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Clark v. Cox

United States District Court, D. New Jersey

January 2, 2018

RAMON ANDREW CLARK, et al., Plaintiff,
v.
DONALD COX, et al.,, Defendants.

          OPINION

          Freda L. Wolfson United States District Court

         I. INTRODUCTION

         Before the Court is the proposed Amended Complaint of Plaintiff, Ramon Andrew Clark. (ECF Nos. 12-14). Plaintiff has previously been granted in forma pauperis status in this matter. This Court is required to screen Plaintiff's Amended Complaint pursuant to 28 U.S.C. § 1915(e)(2)(B). Under this statute, this Court must dismiss Plaintiff's claims if they are frivolous or malicious, fail to state a claim upon which relief can be granted, or seek monetary relief from a defendant who is immune. For the reasons explained below, this Court will dismiss Plaintiff's Amended Complaint in its entirety, for failure to state a claim, and grant Plaintiff 30 days to submit a final amended complaint.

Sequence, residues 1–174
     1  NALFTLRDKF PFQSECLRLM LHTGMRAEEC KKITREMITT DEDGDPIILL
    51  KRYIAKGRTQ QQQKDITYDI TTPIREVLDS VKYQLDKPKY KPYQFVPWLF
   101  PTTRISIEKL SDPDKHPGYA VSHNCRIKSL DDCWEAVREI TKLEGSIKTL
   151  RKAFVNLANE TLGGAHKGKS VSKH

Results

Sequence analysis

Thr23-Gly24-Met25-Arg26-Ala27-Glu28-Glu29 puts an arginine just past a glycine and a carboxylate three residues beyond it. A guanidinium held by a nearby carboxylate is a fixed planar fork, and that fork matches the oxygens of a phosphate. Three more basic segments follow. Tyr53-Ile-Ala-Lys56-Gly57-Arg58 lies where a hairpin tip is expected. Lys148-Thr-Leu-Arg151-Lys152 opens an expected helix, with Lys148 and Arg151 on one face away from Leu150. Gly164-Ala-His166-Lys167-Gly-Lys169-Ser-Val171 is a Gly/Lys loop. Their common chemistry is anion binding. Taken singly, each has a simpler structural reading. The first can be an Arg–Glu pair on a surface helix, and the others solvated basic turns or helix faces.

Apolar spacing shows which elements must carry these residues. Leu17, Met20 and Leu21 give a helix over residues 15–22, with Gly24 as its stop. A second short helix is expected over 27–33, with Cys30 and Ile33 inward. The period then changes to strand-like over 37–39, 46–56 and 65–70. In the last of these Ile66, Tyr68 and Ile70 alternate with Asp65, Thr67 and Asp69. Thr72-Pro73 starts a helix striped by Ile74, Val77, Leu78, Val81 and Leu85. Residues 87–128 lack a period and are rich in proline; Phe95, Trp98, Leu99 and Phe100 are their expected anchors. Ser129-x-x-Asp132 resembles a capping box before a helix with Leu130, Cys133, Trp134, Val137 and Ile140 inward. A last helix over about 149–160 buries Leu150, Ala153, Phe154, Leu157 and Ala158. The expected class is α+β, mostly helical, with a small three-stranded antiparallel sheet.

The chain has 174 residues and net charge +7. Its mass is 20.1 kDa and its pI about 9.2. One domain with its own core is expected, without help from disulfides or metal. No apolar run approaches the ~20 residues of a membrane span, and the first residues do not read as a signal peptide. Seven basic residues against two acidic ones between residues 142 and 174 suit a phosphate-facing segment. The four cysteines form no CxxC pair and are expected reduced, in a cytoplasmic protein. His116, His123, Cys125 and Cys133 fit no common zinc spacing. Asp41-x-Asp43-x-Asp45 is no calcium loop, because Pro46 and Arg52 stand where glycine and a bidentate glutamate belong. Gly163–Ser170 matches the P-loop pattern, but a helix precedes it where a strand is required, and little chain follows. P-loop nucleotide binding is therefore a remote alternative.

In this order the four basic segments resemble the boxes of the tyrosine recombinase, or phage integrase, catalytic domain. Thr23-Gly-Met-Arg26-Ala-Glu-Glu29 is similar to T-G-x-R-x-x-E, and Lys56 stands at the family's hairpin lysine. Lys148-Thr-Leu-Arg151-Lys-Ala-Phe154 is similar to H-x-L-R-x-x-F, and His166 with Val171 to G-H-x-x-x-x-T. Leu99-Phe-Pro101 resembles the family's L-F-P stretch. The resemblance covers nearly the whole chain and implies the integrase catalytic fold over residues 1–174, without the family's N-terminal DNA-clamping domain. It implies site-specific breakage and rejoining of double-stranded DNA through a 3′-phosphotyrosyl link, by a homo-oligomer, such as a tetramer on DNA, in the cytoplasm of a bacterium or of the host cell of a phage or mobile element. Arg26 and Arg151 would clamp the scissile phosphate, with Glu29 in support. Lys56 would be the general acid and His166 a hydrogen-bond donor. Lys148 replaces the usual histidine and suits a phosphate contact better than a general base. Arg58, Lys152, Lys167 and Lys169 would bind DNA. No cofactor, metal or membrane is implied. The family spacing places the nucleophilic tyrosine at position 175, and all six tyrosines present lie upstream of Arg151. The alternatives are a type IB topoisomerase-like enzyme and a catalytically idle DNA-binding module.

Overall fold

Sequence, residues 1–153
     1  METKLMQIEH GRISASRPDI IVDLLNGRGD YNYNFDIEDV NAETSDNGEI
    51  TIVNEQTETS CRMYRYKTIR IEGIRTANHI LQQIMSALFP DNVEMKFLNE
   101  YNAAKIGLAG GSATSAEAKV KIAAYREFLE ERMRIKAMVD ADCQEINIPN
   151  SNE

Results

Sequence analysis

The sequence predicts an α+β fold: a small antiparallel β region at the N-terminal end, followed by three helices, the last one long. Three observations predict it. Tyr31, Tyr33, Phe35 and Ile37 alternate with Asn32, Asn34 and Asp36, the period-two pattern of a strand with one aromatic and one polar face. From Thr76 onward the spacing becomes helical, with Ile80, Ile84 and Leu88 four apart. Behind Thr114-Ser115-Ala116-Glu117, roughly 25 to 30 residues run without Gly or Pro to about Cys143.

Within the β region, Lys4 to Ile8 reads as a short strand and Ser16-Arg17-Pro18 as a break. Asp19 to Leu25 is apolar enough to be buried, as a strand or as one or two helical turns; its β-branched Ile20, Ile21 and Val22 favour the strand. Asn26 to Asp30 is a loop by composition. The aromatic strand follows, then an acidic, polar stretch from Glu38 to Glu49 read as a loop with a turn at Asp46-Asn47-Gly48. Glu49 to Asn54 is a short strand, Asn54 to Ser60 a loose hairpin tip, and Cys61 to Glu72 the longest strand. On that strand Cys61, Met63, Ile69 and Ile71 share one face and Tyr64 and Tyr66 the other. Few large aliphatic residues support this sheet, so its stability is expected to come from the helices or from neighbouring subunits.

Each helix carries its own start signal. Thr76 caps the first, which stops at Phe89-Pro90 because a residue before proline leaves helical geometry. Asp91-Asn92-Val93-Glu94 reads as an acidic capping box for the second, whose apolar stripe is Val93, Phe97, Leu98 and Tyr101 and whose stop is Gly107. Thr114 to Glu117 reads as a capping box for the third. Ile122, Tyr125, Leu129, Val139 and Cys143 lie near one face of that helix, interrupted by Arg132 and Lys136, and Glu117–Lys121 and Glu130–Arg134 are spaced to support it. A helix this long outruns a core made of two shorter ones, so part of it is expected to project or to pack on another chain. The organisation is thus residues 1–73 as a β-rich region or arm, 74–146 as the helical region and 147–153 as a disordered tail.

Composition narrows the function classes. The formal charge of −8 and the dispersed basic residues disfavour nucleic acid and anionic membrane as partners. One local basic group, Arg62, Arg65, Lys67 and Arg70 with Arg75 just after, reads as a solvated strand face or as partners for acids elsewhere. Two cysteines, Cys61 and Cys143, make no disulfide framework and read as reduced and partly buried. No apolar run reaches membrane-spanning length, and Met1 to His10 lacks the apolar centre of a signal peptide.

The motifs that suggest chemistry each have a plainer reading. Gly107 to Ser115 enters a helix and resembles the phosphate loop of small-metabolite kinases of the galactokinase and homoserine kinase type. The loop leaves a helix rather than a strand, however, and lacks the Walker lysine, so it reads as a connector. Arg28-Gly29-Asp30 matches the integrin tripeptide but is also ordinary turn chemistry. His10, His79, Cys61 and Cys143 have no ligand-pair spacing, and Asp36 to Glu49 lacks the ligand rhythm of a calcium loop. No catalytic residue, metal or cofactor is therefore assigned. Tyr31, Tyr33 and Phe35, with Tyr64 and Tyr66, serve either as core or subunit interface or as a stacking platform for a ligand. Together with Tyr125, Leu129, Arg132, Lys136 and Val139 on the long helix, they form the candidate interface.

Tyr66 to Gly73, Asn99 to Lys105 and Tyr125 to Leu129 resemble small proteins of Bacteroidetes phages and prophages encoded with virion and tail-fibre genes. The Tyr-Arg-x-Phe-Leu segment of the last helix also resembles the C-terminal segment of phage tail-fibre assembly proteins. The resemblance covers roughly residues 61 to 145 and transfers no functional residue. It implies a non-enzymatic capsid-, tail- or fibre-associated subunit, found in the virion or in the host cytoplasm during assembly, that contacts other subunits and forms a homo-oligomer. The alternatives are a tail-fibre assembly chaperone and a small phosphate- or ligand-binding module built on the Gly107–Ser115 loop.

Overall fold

II. FACTUAL BACKGROUND

         Plaintiff filed his initial complaint in this matter in August 2015, attempting to raise claims for false arrest, false imprisonment, malicious prosecution, libel, slander and “false claims.” (ECF No. 1). Following a grant of in forma pauperis status, this Court screened Plaintiff's Complaint and dismissed it in its entirety, as Plaintiff's federal and state law claims failed to state a claim upon which relief could be granted. (ECF Nos. 9-10). This Court then granted Plaintiff 45 days within which to file an amended complaint. (ECF No. 22). On December 8, 2016 and December 9, 2016, the Clerk's Office received certain pages from Plaintiff's Amended Complaint. On December 23, 2016, after a complete Second Amended Complaint was received, the Clerk's Office docketed it. (See ECF Nos. 12-14). Because courts are required to liberally construe pleadings drafted by pro se parties, see Mala v. Crown Bay Marina, Inc., 704 F.3d 239, 245 (3d Cir. 2013) (citing McNeil v. United States, 508 U.S. 106, 113 (1993)), this Court will construe the allegations of Plaintiff's two filings together. However, Plaintiff is cautioned that in the future he must submit one all-inclusive pleading.